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Idiomatic Expressions
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Geography and Weather Idioms




Example Sentence

(on) cloud nine

extremely happy

Andrea was on cloud nine when she bought her new car.

dig deep

look hard for information

I had to dig deep to find my old report cards.

dirt cheap

very inexpensive

The clothes at the thrift shop are dirt cheap.

down to earth

natural or real (personality)

Lucile is really down to earth for a woman with so much money.

fair-weather friend

a person who is only a friend in good times

I can't talk to Nancy about my boyfriend problems. She's only a fair-weather friend.

a field day

a very enjoyable time

The kids had a field day at the water slide park.

go downhill

get progressively worse

My grades started going downhill when I got a part-time job.

go with the flow

continue in the same way as others

Nobody trained me at work. I just went with the flow.

hit the hay

go to sleep

I'm exhausted. I think I'll hit the hay early tonight.

hit the road


It's getting late. We had better hit the road.

keep one's head above water

have just enough money to live

It's hard to keep my head above water with all of these medical bills.

know which way the wind blows

know how things will turn out

Who knows which way the wind will blow? I just hope Jesse gets one of the jobs he's applied for.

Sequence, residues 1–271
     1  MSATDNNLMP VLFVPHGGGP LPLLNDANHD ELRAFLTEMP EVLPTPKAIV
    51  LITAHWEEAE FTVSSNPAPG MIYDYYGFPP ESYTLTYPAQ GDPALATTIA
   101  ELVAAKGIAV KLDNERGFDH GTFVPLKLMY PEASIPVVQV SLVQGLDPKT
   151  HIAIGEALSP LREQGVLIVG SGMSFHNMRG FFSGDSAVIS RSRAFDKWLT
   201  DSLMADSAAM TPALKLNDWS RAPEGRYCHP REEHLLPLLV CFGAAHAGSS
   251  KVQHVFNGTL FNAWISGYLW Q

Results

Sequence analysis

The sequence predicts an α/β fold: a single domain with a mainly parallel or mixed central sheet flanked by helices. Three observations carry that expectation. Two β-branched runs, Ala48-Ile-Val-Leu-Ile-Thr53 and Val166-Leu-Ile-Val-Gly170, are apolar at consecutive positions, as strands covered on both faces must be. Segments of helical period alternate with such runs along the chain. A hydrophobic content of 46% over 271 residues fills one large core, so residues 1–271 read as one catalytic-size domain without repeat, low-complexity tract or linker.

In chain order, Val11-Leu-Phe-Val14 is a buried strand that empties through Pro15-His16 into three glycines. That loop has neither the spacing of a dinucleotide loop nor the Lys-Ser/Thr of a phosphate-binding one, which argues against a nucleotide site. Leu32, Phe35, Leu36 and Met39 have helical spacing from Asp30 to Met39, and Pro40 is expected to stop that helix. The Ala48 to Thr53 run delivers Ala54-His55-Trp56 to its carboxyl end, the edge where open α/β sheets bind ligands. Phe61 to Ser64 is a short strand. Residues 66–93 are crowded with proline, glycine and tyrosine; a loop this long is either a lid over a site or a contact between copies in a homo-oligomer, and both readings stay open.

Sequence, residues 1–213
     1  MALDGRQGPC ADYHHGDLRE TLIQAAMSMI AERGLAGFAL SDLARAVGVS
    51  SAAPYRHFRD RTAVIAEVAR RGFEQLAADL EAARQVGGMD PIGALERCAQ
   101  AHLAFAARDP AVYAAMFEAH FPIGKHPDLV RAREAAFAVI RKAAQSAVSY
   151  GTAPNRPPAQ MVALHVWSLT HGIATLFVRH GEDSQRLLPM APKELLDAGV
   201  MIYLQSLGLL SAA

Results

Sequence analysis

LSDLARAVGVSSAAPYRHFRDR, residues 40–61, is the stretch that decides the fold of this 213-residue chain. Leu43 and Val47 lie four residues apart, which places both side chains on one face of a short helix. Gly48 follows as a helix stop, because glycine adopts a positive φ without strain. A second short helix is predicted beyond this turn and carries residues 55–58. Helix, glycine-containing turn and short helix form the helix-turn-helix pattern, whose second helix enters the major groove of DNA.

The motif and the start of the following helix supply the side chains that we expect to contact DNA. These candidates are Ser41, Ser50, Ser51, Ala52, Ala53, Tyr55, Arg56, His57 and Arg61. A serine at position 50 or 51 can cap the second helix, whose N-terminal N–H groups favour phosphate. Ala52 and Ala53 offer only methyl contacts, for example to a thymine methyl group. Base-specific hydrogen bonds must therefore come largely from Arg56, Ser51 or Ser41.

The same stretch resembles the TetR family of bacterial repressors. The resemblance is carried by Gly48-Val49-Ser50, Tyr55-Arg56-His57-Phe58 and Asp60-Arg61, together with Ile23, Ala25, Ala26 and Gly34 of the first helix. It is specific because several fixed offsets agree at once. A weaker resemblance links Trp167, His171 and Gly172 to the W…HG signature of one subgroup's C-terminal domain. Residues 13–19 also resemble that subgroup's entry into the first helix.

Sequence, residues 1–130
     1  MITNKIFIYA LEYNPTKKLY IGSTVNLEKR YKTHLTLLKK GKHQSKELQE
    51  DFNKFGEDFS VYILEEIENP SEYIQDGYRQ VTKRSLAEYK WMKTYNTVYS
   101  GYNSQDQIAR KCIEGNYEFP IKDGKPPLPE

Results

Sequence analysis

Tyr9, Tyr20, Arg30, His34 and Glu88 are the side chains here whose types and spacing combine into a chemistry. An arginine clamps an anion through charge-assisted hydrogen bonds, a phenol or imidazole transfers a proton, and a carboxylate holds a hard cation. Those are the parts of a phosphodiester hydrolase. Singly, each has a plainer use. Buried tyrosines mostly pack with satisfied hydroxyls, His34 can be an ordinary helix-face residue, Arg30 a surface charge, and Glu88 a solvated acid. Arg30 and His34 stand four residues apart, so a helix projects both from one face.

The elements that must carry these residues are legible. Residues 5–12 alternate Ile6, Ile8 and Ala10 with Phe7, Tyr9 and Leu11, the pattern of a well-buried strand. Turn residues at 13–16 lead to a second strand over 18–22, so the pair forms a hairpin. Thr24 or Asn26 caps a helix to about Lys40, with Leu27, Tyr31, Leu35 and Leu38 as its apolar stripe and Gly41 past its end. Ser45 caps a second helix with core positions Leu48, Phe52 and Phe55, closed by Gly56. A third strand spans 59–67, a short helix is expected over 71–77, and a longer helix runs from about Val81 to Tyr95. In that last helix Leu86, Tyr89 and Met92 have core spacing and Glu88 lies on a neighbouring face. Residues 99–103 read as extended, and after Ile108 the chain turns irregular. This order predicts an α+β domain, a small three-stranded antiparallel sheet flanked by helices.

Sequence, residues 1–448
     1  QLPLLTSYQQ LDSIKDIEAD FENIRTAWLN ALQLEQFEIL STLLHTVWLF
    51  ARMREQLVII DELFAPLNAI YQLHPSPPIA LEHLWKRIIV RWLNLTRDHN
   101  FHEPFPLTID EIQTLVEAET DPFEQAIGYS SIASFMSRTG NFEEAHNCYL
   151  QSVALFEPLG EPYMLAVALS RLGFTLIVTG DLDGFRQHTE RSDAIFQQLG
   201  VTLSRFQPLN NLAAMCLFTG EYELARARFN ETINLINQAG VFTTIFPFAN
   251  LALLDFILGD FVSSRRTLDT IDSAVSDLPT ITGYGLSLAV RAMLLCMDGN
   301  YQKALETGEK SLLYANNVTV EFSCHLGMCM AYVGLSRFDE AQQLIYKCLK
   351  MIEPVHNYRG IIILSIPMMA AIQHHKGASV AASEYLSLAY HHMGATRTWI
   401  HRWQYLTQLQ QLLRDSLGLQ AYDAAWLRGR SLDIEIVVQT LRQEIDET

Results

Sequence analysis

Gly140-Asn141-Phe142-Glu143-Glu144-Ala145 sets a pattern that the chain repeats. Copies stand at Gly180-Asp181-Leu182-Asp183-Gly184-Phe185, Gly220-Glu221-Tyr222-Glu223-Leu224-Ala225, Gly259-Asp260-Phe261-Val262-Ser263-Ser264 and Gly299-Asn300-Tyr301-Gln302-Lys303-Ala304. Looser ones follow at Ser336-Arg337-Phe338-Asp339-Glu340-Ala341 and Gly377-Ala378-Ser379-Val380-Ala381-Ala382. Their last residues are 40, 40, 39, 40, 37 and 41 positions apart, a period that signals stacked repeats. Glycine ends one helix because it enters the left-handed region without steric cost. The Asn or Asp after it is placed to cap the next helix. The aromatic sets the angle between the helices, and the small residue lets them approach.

make a mountain out of a molehill

make a small problem seem big

The car only got a tiny dent. You're making a mountain out of a molehill.

out of the woods

clear of danger

The doctor said my heart is doing better, but I'm not out of the woods yet.

over the hill

past middle age

I knew I was over the hill when I started needing glasses to read.

rain on someone else's parade

ruin somebody else's happiness

Whenever I had a dance recital, my older brother always rained on my parade.


a loner or person who won't join in

They didn't bother inviting Charles to the party because he's alway a stick-in-the-mud.

(as) quick as lightning

very fast

Wow! Your shower was as quick as lightning.

the tip of the iceberg

a small part of a large problem

The lost tickets were just the tip of the iceberg.

take a raincheck

accept at a later date

I'd love to go out for dinner, but can I take a raincheck?

under the weather


I was feeling under the weather so I went back to bed.

up the creek

in trouble

If my Dad finds out I had a party I'll be up the creek.

win by a landslide

win by a lot of points

The skiier in the green coat won by a landslide.

(get) wind of something

overhear something about someone or something (often gossip)

My Dad has a new girlfriend. I got wind of it over dinner tonight.